Life After a Stroke

Few people ever consider what it is like to care for someone who has suffered a stroke until they are faced with it. Strokes are more common than you think. It has been estimated that 1 in 4 people in the United States suffers from a stroke, and 1 in 6 die from it.

Life after a stroke, Maureen A. Ruhl (top) Deb Yeagley (middle) and Dianne Snavely (bottom).
Image Maureen A. Ruhl (top) Deb Yeagley (middle) and Dianne Snavely (bottom).

Changes In Life After a Stroke

A stroke can affect your self-confidence and self-image, and it can affect the intimacy in your relationship, like communication, mood swings, or anxiety. You may both find it difficult to talk about how you feel, what you want, or what you need, but because you, the caretaker, think you should ‘stay strong’ for your partner you remain silent but remaining silent can have as much effect on your overall health and well-being as on your spouse.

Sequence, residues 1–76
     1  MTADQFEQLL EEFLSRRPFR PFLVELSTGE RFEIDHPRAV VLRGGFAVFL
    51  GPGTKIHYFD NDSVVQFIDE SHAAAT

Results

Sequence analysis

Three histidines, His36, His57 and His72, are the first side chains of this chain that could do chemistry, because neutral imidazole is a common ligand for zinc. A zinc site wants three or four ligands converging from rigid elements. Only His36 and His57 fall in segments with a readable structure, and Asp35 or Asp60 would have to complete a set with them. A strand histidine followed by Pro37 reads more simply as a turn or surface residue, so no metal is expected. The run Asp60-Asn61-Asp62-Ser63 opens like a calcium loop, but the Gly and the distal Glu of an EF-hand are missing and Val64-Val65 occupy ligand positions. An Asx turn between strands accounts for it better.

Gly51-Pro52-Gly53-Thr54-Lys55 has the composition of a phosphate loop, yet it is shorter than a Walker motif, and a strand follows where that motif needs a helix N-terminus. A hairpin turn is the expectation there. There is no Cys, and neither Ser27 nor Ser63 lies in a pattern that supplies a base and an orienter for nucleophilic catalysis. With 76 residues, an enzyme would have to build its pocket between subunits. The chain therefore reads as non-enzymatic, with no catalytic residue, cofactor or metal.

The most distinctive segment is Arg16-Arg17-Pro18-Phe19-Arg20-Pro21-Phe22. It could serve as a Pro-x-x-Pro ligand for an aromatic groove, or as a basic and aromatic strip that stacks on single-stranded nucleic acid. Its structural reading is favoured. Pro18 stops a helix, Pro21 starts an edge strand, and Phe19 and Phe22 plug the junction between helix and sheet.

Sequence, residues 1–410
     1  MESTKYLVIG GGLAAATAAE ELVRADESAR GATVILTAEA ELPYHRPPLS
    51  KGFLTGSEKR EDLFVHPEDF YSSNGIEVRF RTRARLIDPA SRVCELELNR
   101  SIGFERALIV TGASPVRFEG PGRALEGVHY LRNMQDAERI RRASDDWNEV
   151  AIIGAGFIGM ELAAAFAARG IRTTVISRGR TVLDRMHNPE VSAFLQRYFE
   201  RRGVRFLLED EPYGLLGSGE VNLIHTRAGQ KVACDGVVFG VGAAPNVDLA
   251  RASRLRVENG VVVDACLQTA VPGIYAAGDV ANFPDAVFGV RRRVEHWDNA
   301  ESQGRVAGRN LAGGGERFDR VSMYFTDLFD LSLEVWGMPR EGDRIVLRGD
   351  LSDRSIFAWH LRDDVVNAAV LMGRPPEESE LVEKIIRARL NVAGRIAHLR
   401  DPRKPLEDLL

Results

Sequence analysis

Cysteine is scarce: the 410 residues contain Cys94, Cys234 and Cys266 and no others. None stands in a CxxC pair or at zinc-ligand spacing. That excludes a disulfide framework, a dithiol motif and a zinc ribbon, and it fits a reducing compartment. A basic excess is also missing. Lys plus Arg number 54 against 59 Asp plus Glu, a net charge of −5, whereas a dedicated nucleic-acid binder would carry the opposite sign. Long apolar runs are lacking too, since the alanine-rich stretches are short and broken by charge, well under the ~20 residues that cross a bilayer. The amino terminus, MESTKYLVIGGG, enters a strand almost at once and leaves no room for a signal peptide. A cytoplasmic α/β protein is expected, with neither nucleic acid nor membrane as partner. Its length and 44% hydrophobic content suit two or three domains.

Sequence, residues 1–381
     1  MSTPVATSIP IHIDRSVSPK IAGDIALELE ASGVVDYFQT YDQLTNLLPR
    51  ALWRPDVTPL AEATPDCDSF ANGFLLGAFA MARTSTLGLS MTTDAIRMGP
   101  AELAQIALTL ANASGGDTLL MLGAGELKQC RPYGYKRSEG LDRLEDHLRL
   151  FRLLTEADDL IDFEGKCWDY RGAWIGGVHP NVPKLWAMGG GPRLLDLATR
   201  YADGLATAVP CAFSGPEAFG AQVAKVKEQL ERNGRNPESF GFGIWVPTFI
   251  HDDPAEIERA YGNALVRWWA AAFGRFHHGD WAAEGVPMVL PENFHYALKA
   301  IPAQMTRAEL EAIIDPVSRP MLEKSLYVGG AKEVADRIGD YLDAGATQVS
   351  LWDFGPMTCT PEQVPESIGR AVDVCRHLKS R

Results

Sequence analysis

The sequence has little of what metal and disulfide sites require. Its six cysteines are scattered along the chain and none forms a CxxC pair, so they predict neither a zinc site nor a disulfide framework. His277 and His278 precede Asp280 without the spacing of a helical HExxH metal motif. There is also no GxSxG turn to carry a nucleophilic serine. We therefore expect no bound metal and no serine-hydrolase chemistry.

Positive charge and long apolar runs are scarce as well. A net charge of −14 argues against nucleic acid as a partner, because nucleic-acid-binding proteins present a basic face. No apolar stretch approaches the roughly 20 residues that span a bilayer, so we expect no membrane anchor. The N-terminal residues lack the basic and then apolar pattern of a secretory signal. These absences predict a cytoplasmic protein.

Three women, originally from Lebanon County, Pennsylvania, Maureen A. Ruhl (Renovo, PA), Deb Yeagley, and Dianne Snavely came together to share their stories in a new book, “Life After a Stroke: Real Women, Real Stories.” Each woman details how their life has changed since they became a caretaker for their husbands following a stroke.

Each story is an up-close and personal look into the life of three strong women, who provide daily care and difficult tasks to care for the men they love. The days are long and can be challenging, but the reward of caring for someone you love is greater.

The book also provides vital resources to help assist in your stroke recovery journey.

Life After a Stroke: Real Women, Real Stories is sold exclusively at